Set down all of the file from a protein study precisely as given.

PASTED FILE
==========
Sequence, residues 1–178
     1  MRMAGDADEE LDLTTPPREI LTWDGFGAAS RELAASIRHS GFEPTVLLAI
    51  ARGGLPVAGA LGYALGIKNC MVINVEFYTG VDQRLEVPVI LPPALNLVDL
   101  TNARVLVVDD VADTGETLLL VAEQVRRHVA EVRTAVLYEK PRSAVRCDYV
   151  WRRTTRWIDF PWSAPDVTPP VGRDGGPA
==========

Sequence, residues 1–178
     1  MRMAGDADEE LDLTTPPREI LTWDGFGAAS RELAASIRHS GFEPTVLLAI
    51  ARGGLPVAGA LGYALGIKNC MVINVEFYTG VDQRLEVPVI LPPALNLVDL
   101  TNARVLVVDD VADTGETLLL VAEQVRRHVA EVRTAVLYEK PRSAVRCDYV
   151  WRRTTRWIDF PWSAPDVTPP VGRDGGPA